After DC Entertainment and Warner Brothers’ screening of “All Star Superman” at the Paley Center for Media in Los Angeles last Thursday night, event sponsor Comic Book Resources spoke with executive producer Bruce Timm, director Sam Liu and casting/dialogue director Andrea Romano about their thoughts on the comic that inspired the film, the creative process and the new direction of the DCU animated DVDs.
When asked how the decision to bring comic book writer Grant Morrison’s “All Star Superman” to the screen originated, Timm grinned, saying, “Because it was twelve issues of awesome!” A longtime fan of Morrison’s work, Timm told CBR News that when Morrison’s “All Star Superman” was being serialized, it absolutely blew him away.
“I thought, wow, this is pure Superman without darkening it, without making it gritty,” said Timm. “I felt that [Morrison] and Frank Quitely got right to the core of what Superman is and should be, and literally made twelve issues of magic out of it.”
Despite his open admiration for the original comic and Morrison’s awareness of the adaptation’s creation, Timm said he did not talk to Morrison about the “All Star” DVD until it was complete.
“I was terrified,” laughed Timm. “I know Grant slightly, we’ve talked a little bit at conventions, [but] I’m a bit of a chicken. I didn’t know how he was going to react, so I said, ‘OK, he’s busy, he knows we’re doing this. Hopefully when the movie’s done, he’ll like it!'”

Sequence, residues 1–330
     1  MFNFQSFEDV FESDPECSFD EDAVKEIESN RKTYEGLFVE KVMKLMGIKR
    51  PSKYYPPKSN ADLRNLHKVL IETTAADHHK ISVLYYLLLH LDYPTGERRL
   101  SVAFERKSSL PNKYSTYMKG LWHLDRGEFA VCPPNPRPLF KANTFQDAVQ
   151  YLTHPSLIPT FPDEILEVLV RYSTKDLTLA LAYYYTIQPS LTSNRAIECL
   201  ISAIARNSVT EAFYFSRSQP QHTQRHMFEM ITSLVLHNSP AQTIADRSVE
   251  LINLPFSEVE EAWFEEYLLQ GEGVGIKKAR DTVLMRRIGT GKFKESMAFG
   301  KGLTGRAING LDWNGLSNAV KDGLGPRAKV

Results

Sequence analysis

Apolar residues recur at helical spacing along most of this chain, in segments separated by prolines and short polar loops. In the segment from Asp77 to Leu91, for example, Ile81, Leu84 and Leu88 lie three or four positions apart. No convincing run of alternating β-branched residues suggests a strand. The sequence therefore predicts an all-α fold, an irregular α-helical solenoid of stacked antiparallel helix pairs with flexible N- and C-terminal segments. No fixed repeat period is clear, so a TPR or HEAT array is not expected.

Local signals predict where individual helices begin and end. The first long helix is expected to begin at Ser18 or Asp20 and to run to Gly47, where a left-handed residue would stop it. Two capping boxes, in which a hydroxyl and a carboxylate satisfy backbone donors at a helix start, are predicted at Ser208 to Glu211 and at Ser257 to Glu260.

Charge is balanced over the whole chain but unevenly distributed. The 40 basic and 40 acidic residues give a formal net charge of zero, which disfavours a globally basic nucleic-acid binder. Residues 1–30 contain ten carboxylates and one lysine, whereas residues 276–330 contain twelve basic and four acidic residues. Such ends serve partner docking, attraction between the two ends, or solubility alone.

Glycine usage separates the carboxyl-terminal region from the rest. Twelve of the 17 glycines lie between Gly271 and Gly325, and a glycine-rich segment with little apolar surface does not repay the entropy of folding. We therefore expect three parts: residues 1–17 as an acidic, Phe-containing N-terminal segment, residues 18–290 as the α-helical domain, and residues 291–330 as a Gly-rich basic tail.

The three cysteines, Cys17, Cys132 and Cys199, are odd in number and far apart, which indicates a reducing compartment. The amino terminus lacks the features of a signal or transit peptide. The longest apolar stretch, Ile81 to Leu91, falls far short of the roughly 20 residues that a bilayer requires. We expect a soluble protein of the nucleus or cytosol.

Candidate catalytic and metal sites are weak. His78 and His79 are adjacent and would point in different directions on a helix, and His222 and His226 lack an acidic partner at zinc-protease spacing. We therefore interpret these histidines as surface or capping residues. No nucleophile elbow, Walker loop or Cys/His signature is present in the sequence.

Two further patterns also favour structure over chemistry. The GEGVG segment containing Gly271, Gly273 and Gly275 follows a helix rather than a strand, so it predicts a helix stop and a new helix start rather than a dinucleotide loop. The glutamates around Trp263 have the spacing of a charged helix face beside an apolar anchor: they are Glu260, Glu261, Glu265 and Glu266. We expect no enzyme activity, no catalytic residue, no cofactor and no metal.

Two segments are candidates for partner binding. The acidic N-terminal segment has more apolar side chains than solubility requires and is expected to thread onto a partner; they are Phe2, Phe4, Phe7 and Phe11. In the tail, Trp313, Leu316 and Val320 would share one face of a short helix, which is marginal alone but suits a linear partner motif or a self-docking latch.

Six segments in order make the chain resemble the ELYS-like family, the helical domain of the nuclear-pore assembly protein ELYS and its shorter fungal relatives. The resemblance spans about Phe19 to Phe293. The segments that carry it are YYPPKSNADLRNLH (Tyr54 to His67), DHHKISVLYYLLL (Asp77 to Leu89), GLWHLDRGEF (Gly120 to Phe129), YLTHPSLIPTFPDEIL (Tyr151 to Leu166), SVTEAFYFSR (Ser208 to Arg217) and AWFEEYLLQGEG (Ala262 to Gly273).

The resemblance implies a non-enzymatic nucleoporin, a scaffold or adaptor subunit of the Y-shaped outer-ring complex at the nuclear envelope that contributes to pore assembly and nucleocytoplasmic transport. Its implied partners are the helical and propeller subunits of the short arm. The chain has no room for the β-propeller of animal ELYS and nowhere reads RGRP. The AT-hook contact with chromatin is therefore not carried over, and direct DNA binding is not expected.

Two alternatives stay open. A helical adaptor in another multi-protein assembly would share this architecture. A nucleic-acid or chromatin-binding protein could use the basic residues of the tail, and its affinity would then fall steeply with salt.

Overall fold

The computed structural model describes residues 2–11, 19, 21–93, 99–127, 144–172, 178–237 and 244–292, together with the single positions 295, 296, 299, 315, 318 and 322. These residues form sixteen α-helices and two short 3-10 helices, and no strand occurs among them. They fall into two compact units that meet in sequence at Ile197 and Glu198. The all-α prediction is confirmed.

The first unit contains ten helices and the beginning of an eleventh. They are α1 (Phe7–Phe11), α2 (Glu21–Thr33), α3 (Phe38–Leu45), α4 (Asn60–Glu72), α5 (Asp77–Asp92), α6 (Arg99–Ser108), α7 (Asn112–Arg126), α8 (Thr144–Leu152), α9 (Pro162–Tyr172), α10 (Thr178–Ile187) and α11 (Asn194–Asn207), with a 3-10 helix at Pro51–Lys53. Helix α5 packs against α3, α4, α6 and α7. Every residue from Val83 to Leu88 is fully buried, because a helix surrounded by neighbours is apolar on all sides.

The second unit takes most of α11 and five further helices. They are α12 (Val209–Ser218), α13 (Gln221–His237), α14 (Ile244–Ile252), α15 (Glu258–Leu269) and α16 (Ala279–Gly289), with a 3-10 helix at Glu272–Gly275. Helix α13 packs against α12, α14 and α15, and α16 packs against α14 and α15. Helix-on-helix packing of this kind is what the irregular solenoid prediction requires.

“I breathed a huge sigh of relief when we met to do the [DVD] commentary together and he was very effusive in his praise. I was like, ‘Whew! Thank God!'” added Timm.
Director Sam Liu also believes there is a magical quality to the story, commenting that “All Star” was vastly different than his previous DC animated feature, “Justice League: Crisis on Two Earths,” telling CBR, “Of all our other direct to video stuff we’ve done, I think ‘All Star Superman’ is a lot more psychological, a lot more adult.”
Structurally, “Crisis” hinged upon fight scenes and action sequences, while “All Star’s” structure presented a unique directing challenge. “I felt ‘All Star Superman’ didn’t have a safety net of a fight,” said Liu. “There was action scene to dramatic scene, to dramatic scene, to dramatic scene, to a semi-fight, to dramatic scene — it was very challenging in the sense that you couldn’t rely on all the things you’re used to.”
And the story structure wasn’t the only challenge the team behind the adaptation faced. They also had to figure out the best way to turn the drawings of “All Star” comic book artist Frank Quitely into animated form.
“Oh, God!” Timm exclaimed when asked about this part of the process. Saying he was a huge fan of Quitely, the producer told CBR that Quitely’s distinct artwork was utterly unlike the standard superhero style. In Quitely’s art, “Superman doesn’t have every single one of his muscles defined, and he’s kind of thick, and isn’t consistent from panel to panel. In some panels you think, ‘Hey, that’s a good looking guy!’ And then in the next panel he looks like Rocky Balboa after going five rounds with Apollo Creed.
“I like that Rocky Balboa Superman, I like that he looks kind of lumpy and mushy,” continued Timm. “So trying to figure out what is the charm of the Frank Quitely drawing, distilled to its essence in few lines, and in a way that is going to be animated consistently overseas, it was really, really hard.”
Liu agreed with Timm’s sentiments, though the director admitted, “I think Bruce was a lot more invested in making it a certain way, whereas it was close enough for me!”
The unique tone and story of “All Star” also presented new challenges for casting and dialogue director Andrea Romano.
“This particular piece required someone to be more sensitive, emotionally, than a lot of Superman pieces have in the past,” said Romano. Looking for someone who could embody that quality, she eventually decided to cast “Desperate Housewives” actor James Denton as Superman.